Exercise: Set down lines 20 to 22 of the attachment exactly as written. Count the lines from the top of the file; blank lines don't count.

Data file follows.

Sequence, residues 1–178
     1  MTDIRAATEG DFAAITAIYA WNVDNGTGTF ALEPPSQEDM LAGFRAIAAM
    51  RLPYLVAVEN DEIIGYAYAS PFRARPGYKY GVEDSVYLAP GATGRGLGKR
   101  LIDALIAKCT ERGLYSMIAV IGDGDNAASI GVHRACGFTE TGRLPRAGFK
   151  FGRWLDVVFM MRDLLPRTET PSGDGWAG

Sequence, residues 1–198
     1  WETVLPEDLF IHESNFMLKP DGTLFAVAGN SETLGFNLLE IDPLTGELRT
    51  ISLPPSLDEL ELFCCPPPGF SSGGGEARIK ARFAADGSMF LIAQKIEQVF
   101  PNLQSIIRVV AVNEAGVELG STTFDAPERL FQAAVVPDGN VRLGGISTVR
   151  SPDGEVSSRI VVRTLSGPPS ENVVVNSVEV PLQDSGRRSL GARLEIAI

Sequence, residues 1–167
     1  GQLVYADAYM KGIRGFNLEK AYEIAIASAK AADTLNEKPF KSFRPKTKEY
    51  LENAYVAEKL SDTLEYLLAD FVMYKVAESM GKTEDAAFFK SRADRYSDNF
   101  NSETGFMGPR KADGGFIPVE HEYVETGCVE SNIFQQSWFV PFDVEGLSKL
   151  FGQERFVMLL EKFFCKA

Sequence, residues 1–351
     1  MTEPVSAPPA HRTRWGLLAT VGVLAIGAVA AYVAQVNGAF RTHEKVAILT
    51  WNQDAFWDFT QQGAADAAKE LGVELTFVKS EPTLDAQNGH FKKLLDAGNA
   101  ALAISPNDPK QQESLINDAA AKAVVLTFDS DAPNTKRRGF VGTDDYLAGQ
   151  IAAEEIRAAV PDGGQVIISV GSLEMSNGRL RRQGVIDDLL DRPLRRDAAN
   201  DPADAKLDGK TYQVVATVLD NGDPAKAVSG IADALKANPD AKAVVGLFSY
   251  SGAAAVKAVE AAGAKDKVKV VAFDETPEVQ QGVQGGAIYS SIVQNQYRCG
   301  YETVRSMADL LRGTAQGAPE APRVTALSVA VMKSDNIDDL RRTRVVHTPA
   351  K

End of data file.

   151  IAAEEIRAAV PDGGQVIISV GSLEMSNGRL RRQGVIDDLL DRPLRRDAAN
   201  DPADAKLDGK TYQVVATVLD NGDPAKAVSG IADALKANPD AKAVVGLFSY
   251  SGAAAVKAVE AAGAKDKVKV VAFDETPEVQ QGVQGGAIYS SIVQNQYRCG